Independent Living Safety Tips for Seniors

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As people age they become more susceptible to accidents and injuries.   We all want to live independently and not have our daily activities interrupted, but the fact of the matter is that extra precautions need to be taken.

Many experience considerable decline in their physical capabilities as young as 65 years old. It is also estimated that about 1 out of 4 elderly Americans, age 70 and older, are already experiencing some degree of decline in their mental capabilities as well.  This makes the elderly vulnerable to both accidents and scams.

Fortunately, there are steps that can be taken to help protect the elderly from the perils that come with old age.  Here are great safety tips for seniors.

Falls are the leading cause of death and serious injuries among people age 65 and older.  Follow these tips to help reduce the chance of a fall happening.

  • Make sure there are no tripping or slip hazards in the home.  Small area rugs need to be secured with a non-slip liner.  Also make sure small items are removed from any walkways.  Something as simple as a magazine stand can become a trip hazard.
  • Wear non-slip shoes always.  Socks and even bare feet cannot provide the same level of grip that a rubber soled shoe can.
  • Install grab bars in all bathrooms.  Both in the shower and near the toilet.  Showers and bathtubs also need to have non-slip mats on the floors and around the drains.
  • Rising slowly after eating, sitting or lying down can help avoid dizziness and loss of balance.
  • Make sure all stairs have handrails and are all tightly secured.  It is also a good idea to have a light switch at the top and bottom of all staircases.
  • Consider installing a stair lift chair if climbing stairs is becoming difficult.
  • If there are raised areas of the floor between rooms or in doorways, it is a good idea to paint them a bright color so they are easily seen.
  • Make sure all rooms are adequately illuminated.
  • Consider a medical alert system.
  • Exercise is the best defense against falls and muscle loss.  Even if you cannot stand, you can still exercise in a chair.  If you are severely prone to falls, you may want to consider wearing hip pads.

The kitchen is probably the most dangerous room in the house.  More accidents happen there than all other rooms combined!  Here are some great tips for the elderly when using the kitchen.

  • As with all rooms, make sure the smoke detectors are working.
  • Make sure there is a small fire extinguisher easily accessible.
  • Do not wear loose clothing while cooking on the stove. Make sure the stove and oven are kept clean, and never leave the stove unattended.
  • Use a microwave instead of a stove.  They are much, much safer to use.
  • Store items that are used frequently on lower shelves in the kitchen.  If they need to use a step stool to reach an item, make sure they have a bar to hold onto.
  • Buy groceries that require minimal prep time.  The fewer items you must cut or cook, the less chance there is of an accident or injury.  For example, buy a salad kit rather than all the ingredients to make a salad.  Local grocers and delis have plenty of ready-to-go dinner options as well.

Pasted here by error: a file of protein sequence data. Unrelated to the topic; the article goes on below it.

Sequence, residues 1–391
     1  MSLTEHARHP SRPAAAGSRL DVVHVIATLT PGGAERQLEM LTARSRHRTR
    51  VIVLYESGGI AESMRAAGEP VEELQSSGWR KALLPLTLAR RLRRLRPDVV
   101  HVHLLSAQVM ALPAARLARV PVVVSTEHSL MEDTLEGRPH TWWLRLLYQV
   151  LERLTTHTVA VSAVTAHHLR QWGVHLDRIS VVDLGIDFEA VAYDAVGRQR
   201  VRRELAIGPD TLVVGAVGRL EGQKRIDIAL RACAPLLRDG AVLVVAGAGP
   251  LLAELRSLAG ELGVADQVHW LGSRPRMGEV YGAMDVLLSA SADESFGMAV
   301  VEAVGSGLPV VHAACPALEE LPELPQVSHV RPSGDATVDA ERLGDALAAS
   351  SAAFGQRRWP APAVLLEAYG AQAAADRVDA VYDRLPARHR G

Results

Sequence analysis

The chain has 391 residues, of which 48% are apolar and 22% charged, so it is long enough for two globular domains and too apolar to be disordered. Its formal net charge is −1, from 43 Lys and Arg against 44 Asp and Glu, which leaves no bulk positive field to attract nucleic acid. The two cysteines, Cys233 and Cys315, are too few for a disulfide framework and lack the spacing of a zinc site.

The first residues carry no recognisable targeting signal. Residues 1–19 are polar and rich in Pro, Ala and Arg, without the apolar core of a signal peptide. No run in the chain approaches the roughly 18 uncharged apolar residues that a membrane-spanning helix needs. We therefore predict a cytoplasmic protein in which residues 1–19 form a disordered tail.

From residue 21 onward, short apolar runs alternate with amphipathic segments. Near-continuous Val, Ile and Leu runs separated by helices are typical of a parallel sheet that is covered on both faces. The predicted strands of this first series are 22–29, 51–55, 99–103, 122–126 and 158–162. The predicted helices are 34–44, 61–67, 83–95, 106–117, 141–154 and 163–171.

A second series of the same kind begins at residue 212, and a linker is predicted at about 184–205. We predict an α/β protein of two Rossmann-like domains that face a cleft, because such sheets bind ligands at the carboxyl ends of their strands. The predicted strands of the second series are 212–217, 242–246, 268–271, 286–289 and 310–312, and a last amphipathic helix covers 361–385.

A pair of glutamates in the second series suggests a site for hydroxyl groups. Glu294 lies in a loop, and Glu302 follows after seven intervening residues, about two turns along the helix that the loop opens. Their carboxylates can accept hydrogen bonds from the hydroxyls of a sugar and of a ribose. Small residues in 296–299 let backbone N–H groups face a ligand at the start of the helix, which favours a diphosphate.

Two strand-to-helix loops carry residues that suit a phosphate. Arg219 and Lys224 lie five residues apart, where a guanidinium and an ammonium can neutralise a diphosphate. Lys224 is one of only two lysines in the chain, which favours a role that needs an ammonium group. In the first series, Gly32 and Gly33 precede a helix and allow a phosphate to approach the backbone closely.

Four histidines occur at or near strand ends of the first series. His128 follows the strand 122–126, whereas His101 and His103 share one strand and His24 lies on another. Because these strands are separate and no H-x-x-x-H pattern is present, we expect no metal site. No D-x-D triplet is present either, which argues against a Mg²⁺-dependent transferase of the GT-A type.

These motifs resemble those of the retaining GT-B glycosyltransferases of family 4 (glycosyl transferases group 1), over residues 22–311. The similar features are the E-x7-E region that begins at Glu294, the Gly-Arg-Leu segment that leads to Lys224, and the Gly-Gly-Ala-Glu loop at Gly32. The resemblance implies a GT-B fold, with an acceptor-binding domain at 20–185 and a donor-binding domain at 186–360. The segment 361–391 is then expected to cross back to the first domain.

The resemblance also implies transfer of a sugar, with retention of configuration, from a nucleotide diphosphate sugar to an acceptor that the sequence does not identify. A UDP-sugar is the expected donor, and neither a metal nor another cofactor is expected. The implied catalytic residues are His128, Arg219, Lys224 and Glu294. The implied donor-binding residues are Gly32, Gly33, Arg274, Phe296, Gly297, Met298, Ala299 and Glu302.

Medications can also pose danger to the elderly if forgotten or misused.  Here are some tips to help manage medications.

  • Use a weekly/daily pill organizer to help keep track of what pills still need to be taken.  This can drastically reduce the chance of overdosing.
  • Check prescription expiration dates on all medications.  Some medications are very time sensitive and may have a short shelf life.
  • Unless in an organizer, keep medications in their original container.
  • Keep doctor and emergency numbers clearly posted around the house in case of a medical emergency.

Unfortunately, there are criminals that love to preyon the elderly.  They are often very trusting and sometimes unable to make good decisions.  Here are a few things to help prevent criminals from taking advantage.

  • Do not keep large sums of money or valuables in the house.  Keep it in a bank of safety deposit box.
  • Shred all sensitive paperwork and documents.  Do not just throw them into the trash.
  • Make sure all doors and windows are locked securely.
  • Install a monitored home security system.  Being able to check in on an elderly person with surveillance cameras can provide piece of mind that everything is ok.  It can also provide the fastest response in case of fire or another emergency.
  • Never give your credit card, banking, Social Security, Medicare, or other personal information over the phone unless you initiated the call.
  • Limit their spending capabilities and have email alerts sent for any transactions they make with a debit or credit card.

Though life may create more challenges as we grow older, none are too great that can’t be tackled with awareness and a little ingenuity.  We hope the tips we shared will help protect beloved seniors everywhere.

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